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24 CONSERVATION OF HISTORIC STONE BUILDINGS cultural context. For example, a small wooden domestic structure from the beg~nrung of the nineteenth century in Australia would be con- sidered a national landmark because it dates from the founding of the nation and because so little Australian architecture had survived from this period. In Italy, on the other hand, with its thousands of ancient monuments, a comparable structure would have a relatively low prior- ity in the overall conservation needs of the community. The values assigned to cultural property come under three major headings: ~ Cultural Values: documentary value, historical value, archeolog- ical and age value, aesthetic value, architectural value, scientific value, symbolic or spiritual value, townscape value, landscape and ecological value. ~ Use Values: functional value, economic value, social value, po- litical value. Emo~ona] VaJu es: wonder, identity, continuity. For movable objects, the question of values is generally more easily defined. However, in architectural conservation, problems often arise because the utilization of the historic building, which is economically and functionally necessary, must also respect cultural values. The costs of conservation may have to be allocated partially to each of the above values in order to justify the total to the community. There may be conflicts between some of the values. In certain cases architectural values will predominate. In other cases artistic or his- torical considerations will prevail, while in yet others practical and economic considerations may modify the scope of conservation. Sound judgment based upon wide cultural preparation and mature sensitivity gives the ability to make correct value assessments. TREATMENTS When a treatment is being planned, the following three general con- cepts regarding an object or a structure's condition are considered, as exemplified by a minor seventeenth-century wooden polychromed sculpture damaged in the collapse of a church during an earthquake in Friuli, Italy: ~ Damage suffered by the object. The sculpture suffered multiple fractures during the church's collapse. The body was broken into three pieces the head, torso, and right leg. Both feet and arms were missing and presumed lost. The borders of the breaks were very abraded.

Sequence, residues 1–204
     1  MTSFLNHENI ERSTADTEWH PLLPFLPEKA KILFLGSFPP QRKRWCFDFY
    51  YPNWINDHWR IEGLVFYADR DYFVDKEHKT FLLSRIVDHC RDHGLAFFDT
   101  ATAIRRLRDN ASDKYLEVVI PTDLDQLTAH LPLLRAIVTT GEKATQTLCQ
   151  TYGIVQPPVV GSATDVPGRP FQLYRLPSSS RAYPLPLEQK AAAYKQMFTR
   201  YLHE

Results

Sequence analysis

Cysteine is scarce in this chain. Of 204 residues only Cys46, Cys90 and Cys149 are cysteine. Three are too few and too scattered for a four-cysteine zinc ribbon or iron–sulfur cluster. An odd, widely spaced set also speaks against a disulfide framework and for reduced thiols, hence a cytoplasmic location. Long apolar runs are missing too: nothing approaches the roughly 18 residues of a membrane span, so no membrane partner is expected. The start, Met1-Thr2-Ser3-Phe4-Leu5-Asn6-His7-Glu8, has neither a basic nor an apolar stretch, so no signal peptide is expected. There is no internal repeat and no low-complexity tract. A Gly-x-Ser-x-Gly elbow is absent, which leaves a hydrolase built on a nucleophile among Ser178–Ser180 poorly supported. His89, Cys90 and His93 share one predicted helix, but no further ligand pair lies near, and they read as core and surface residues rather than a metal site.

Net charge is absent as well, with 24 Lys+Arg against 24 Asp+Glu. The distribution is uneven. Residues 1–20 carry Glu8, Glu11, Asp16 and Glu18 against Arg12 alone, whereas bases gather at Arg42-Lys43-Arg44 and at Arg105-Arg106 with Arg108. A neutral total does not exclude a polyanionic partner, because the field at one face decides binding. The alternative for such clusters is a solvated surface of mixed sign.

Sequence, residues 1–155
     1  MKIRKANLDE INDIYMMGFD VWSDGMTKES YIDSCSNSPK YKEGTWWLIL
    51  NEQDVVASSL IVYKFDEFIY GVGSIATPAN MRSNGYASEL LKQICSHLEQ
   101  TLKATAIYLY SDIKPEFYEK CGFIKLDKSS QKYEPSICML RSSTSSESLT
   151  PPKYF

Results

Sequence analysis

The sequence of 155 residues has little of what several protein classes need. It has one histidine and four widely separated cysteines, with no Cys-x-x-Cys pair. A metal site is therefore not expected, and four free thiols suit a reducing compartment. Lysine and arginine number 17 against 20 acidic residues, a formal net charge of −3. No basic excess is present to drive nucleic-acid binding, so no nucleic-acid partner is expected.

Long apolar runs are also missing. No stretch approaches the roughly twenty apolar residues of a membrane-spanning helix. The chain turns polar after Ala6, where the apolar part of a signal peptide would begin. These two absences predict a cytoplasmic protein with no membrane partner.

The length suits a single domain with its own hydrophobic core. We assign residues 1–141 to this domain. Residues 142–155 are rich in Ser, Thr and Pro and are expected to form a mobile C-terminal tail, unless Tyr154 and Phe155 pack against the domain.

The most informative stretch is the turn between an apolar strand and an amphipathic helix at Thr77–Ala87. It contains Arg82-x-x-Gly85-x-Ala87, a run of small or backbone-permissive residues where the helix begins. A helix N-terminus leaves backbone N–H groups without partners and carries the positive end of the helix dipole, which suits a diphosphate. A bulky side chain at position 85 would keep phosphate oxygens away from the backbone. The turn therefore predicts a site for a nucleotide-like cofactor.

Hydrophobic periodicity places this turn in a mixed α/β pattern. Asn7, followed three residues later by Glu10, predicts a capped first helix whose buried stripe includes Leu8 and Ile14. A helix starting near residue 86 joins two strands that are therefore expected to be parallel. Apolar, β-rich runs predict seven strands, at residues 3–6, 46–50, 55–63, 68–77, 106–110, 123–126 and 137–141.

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Principles of Conservation 25 Insecurity of the object. The wood was weakened from wormwood infestation, which had reduced the wood to frass in many areas. The wooden support and glue preparation for the polychrome were further weakened by mold growth resulting from exposure following the church's collapse. The remaining original polychrome had detached once tended to fan off. Green mold hyphae were evident, and there seemed to be dry rot as well. Disfigurement suffered by the object. Much of the remaining orig- inal paint was covered by unsightly overprint. The entire sculpture was very dusty and in some areas was encrusted with mud. By taking the above criteria into consideration, a judiciously selected intervention was programmed in this case. Because the sculpture had relatively minor artistic and historical value, and would remain in- definitely in storage rather than on view, treatment priorities focused on conservation methods needed only to ensure the sculpture's sur- vival: fixation of polychrome, securing of breaks, removal of surface dirt, disinfection, fumigation, and controlled cIrying. Restoration mea- sures, such as the removal of the overpaint and the reintegration of lac~,nae, were held for some future date. During this treatment, and during all conservation treatments, the following standards of ethics must be rigorously followed: The condition of the object, and all methods and materials used during treatment, must be clearly documented. Historical evidence should be fully recorded; it must not be de- stroyed, falsified, or removed. Any intervention must be the minimum necessary. Any intervention must be governed by unswerving respect for the aesthetic, historical, and physical integrity of cultural property. Interventions should: Be reversible, if technically possible. Not prejudice a future intervention whenever this may become necessary. Not hinder the possibility of later access to all evidence incor- porated in the object. Allow the maximum amount of existing material to be retained. Be harmonious in color, tone, texture, form, and scale, if additions are necessary, but be less noticeable than original material, while at the same time being identifiable.